The many Religious who are here this evening represent thousands and thousands of women and men who have labored in the Archdiocese from the beginning. You are those who follow Christ by imitating his total self-giving to the Father and to the cause of his Kingdom. My appreciation and thanks go to each one of you.

I gladly address a special word of encouragement to the seminarians. You will be the priests of the new Millennium, working with Christ in the new evangelization, helping the Church, under the action of the Holy Spirit, to meet the demands of the new century. I pray each day that the Lord will make you "shepherds after his own heart" (Jer 3:15).

-- Pope John Paul II

St. Anthony of Padua, Clarksville, Indiana

"Be quiet! You're in church now!" Many of us grew up being reminded regularly that appropriate behavior during Mass meant being silent. Church and the library had that in common. Then, with the reforms of the Second Vatican Council, active participation became the norm. Usually, active participation is understood as joining in the singing and saying the responses along with everyone else. Rarely do we expand the definition of participation to include communal silence.

Public silence is often very awkward. We assume that some forgot their cue or made an embarrassing mistake. Yet we also know the heart-gripping impact of a grandstand full of people observing a moment of silence. The liturgy invites us to pray without words several times during Sunday Mass. Before the opening prayer, after each of the readings, after the homily, perhaps during the intercessions and again after communion, we are given the opportunity to call to mind God's presence in our midst, to offer our personal petitions and to express our thanks of God's continuing blessings.

Such silence is not a passive "shutting down" but rather an attentive awareness of our intimate connection with the Lord and with one another. Such awareness requires ample time to develop, not only at a particular liturgy but Sunday after Sunday. Only then will the inevitable coughing, banging kneelers and fussing babies mark the beginning of our silence and not the end of it!

In another, more profound sense, we are always silent at liturgy, even when we speak. We sing psalms and speak prayers that are not our own but are the words of our ancestors in faith and the words of the church. Our individualistic American culture finds such behavior suspicious and even threatening: "I am my own person!" But it is precisely in that surrender to the power of ritual and to the life of the larger community that we discover our true voice.

Copyright 1998
Archdiocese of Chicago
Liturgy Training Publication

St. Paul Church, Fenton, Missouri


It seems to me that the greatest tear in life is the pull between living according to the value system of the world and living the kingdom. The world holds out success as its goal. Its rule is compete. The kingdom holds out unity as the goal. Its rule is love.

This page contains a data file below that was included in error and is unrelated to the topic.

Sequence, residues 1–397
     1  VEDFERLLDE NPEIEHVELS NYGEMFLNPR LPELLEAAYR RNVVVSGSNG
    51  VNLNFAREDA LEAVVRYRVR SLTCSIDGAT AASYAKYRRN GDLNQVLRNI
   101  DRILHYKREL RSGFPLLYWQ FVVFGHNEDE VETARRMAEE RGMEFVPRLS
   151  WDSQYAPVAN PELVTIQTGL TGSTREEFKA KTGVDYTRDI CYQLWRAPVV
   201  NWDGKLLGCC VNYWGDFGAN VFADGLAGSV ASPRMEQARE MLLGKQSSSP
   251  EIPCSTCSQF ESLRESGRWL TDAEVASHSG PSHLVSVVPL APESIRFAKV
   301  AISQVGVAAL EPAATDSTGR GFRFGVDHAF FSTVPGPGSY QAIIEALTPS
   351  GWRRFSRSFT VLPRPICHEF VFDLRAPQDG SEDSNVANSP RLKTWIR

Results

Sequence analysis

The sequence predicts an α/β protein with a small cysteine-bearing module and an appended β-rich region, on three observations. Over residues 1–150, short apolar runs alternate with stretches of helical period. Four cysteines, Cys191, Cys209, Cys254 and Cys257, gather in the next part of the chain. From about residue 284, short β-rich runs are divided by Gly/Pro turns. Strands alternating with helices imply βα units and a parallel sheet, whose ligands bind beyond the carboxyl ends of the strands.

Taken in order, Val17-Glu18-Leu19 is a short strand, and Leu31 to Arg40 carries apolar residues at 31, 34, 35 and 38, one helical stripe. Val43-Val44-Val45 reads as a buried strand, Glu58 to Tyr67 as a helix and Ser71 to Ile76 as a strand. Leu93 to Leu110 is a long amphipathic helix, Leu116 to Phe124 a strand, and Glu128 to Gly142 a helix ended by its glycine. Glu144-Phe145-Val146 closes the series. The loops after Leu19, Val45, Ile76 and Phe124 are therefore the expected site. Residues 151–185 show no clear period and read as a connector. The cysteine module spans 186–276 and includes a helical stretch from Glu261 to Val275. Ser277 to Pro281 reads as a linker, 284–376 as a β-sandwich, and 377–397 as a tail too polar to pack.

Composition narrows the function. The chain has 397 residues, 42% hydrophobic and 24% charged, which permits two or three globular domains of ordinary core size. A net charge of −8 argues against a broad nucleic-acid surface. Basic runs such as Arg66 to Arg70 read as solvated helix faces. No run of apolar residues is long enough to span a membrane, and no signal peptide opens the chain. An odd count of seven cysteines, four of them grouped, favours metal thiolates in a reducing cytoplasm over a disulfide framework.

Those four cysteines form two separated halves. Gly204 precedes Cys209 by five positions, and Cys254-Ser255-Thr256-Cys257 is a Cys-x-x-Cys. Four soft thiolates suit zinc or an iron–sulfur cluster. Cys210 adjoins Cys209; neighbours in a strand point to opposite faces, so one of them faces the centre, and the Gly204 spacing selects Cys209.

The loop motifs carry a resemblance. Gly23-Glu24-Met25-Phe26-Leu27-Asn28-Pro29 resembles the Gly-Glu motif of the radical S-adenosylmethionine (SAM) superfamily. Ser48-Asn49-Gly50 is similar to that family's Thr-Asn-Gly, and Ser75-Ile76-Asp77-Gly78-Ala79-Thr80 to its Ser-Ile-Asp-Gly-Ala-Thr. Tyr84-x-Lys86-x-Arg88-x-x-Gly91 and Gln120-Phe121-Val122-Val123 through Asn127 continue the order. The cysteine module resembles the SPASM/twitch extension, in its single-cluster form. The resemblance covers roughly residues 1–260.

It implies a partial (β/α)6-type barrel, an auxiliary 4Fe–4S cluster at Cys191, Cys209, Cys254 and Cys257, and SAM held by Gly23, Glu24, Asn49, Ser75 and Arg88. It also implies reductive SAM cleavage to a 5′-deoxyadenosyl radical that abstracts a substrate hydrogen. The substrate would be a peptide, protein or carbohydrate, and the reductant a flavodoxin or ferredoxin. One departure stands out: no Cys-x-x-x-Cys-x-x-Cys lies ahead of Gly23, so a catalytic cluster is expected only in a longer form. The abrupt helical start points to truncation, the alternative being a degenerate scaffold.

A big source of the tear is the fact that I have been thoroughly programmed in the value system of the world. I have been taught to put a high value on the opinion of others. I want their approval. I worry about what others think of me. In order to gain approval, I have learned the language of manipulation. I want you to think and feel what I want you to think and feel.

So, for example, rather than saying, You do things I don't like, I'll say, You make me mad. This approach does two things. It exonerates me of all blame. Yes, I'm being childish, but it's not my fault. It's your fault. It is also designed to make you feel remorse. Once I get you there, you owe me. I win.

On the other hand, love begins by accepting you right where you are. You don't owe me because I love you. Just be you. That's good enough for me.

Another aspect of my programming is the idea that I have a right to expect certain things from life and from you. There is a certain sense of fairness that we like to call justice. So if I do something for you, I have a right to expect gratitude from you. If I work hard, I have a right to expect good compensation. If I try my best to please you, I have a right to your approval.

When Jesus speaks of the kingdom he tells us to do things for people who can't repay. He tells us to be satisfied with what we get. He tells us to go the extra mile with those who demand.

Where does the tear in me come from? Which seems more normal, the way of the world or the way of the kingdom? Even though I know that the fruits of the world are stress, anxiety and frustration, I will still pursue that way. The fruits of the kingdom are love and peace and patience. But that way doesn't seem normal.

Maybe this is what Augustine meant when he said that we are created for God and that we will not rest until we rest in God.

Readings for next week,
October 10, 1999
Twenty-eighth Sunday in Ordinary Time
Laity Sunday
Vocation Awareness Sunday

First Reading - Isaiah 25:6-10a (142)
Responsorial Psalm - Psalms 23:1-6
Second Reading - Philippians 4:12-20
Gospel - Matthew 22:1-14 or 22:1-10